This one is sure to be a hit with the ladies, I reckon! Piaggio has brought its iconic scooter brand once again into the country and the LX 125 (as it is called the world over) will be Vespa's latest debut here in India.
Piaggio's going with the lifestyle direction in the Vespa's marketing strategy, including starting the Indian chapter of the marque's clubs that exist all over the globe. Priced at Rs 66,661, ex-showroom, Maharashtra, the scoot is certainly in the premium segment on the cost front, especially since the current market leader, the Honda Activa, will set you back by Rs 47,077 ex-showroom in Baramati, just short of Rs 20,000 less than the Piaggio. Incidentally, the Vespa will be manufactured at a brand new plant in Baramati, Maharashtra.
So how good is the scooter on the road? Well, to start with, the ride quality is absolutely plush. Bad roads simply do not unfaze this scooter and only but the harshest of bumps get past the suspension.
The Vespa is equally sure-footed in the handling department. Despite sporting mediocre rubber and old school trailing link suspension at the front, it seems that the monocoque frame of the scooter more than makes up for all of that, endowing the Vespa with the kind of agility that will surprise many scooterists. This thing will change direction at a moment's notice and will gracefully bank into corners with ease. At the risk of sounding repetitive, I must point out that the Vespa could really do with better tyres..
And a disc brake up front. The drum brake is close to dead, returning neither feel nor performance when it is summoned. Pull in the lever with all your might and it still won't cut speed soon enough. I reckon a slightly longer brake arm should increase leverage a tad, enough to keep things from getting scary. Perhaps a softer brake lining material might slow down things more effectively. Or both. The rear brake, however, makes up for the front, with its progressive functioning and good enough bite.
The Vespa's 125 cc motor has been specially developed by Piaggio for India. In fact, the company has found this new generation engine so promising that it will be fitted on to scooters across Asia and Europe in near future. Putting out 9.9 bhp and 1.08 kgm of power and torque respectively, the motor pulls strongest up to 70 kph and then the grunt begins to trail off.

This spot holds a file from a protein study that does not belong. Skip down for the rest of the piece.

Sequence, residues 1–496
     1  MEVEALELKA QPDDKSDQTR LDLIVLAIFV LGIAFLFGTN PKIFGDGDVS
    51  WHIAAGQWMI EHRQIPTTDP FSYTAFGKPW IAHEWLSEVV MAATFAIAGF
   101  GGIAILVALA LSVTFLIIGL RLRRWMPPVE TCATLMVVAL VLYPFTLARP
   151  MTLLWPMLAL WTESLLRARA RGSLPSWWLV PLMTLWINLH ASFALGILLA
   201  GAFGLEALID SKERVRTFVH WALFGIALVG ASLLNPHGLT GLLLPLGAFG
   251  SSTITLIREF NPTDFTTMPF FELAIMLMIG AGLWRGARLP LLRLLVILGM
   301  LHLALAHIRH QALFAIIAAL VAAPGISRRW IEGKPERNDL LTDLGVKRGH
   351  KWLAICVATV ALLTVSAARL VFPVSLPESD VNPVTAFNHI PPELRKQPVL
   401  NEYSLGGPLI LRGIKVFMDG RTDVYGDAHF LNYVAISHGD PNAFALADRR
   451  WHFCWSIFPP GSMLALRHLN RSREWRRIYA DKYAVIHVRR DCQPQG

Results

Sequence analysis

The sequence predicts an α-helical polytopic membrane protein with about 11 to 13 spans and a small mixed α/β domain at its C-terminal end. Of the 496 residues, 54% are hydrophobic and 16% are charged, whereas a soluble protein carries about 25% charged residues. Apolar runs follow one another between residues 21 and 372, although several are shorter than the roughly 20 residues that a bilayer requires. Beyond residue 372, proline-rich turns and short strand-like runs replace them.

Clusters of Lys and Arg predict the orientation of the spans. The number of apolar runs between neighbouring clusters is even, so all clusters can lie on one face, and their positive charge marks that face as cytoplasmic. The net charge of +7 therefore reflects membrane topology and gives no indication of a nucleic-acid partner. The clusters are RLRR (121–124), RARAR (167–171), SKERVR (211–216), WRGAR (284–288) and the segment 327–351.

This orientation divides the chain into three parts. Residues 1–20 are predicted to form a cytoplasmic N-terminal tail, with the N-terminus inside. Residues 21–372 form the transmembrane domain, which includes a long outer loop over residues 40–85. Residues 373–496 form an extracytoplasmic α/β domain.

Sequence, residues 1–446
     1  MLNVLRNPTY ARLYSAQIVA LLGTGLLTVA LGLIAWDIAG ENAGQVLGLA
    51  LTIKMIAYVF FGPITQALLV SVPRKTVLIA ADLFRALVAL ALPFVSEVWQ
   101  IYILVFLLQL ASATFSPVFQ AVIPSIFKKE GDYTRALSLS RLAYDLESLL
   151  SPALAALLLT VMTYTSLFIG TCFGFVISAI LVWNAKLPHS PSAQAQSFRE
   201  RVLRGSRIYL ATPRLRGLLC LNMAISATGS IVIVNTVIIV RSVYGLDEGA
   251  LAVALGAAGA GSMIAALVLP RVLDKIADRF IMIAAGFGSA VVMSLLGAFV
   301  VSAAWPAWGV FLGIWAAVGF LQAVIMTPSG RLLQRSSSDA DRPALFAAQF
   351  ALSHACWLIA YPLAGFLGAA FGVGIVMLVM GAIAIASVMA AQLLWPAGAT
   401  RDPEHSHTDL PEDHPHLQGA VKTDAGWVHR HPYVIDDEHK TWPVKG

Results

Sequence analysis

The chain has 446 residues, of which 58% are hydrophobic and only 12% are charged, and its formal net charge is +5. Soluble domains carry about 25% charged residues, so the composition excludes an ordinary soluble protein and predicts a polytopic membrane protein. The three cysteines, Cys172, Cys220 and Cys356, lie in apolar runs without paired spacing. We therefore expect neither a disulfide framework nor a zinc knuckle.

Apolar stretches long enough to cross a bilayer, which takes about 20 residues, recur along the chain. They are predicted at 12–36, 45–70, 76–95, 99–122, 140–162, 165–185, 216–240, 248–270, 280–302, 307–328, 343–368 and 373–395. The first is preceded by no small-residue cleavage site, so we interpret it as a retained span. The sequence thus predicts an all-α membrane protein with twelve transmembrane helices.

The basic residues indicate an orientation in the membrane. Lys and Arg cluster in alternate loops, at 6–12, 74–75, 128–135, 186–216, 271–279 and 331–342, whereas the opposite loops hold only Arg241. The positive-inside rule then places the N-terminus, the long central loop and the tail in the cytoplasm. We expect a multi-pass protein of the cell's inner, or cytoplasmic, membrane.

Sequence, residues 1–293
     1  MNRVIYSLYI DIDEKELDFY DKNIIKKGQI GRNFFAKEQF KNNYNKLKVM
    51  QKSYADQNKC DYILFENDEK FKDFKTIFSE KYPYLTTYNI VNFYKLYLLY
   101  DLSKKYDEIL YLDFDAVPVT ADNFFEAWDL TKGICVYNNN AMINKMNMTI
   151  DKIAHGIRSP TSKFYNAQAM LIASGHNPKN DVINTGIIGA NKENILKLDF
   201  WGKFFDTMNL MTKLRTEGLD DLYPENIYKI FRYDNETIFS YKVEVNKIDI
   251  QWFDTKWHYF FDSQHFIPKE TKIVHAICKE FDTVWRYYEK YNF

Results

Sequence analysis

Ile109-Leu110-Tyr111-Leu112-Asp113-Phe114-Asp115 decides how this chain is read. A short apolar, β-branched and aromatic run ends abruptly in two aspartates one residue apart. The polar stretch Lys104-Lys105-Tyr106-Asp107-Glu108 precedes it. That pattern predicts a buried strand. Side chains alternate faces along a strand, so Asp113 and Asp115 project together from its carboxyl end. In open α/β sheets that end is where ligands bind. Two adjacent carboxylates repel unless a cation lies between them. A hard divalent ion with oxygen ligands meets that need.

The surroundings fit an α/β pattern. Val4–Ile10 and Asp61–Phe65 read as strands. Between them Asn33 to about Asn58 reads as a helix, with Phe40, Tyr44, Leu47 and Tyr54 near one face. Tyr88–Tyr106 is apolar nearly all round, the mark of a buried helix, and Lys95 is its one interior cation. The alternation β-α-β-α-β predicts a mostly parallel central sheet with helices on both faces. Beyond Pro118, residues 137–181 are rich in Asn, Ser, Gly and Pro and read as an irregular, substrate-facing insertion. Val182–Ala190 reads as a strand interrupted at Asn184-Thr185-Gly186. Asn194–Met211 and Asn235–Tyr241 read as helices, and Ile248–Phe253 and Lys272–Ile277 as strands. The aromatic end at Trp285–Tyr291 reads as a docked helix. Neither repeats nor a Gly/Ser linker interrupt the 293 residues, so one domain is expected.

What won't begin to dip, however, is the amount of attention that this scooter gets from the ladies. The bright colours and the petite size of the Vespa are probably what attract them, like moths to a flame, if I may say so. The styling is eye-catching for certain, with the general design lines showing distinct heritage to the first production Vespa, the MP6, from 1945.
But this scooter isn't without peeves, unfortunately. Panel gaps were inconsistent among the test specimens and somehow, some burrs had made it past the factory's pre-delivery inspection. Underseat storage is good for one full face helmet at best, with no space left over for anything more than a cleaning rag.
For what it's worth, the Vespa is attractive and has quite a few good points going for it. But if you simply want a scoot to er, scoot about and nothing more, the Vespa might not be your thing. Instead, it is intended as a fashion accessory, as a style statement. This scooter definitely isn't intended as a working scooter, and the price is testament of this fact.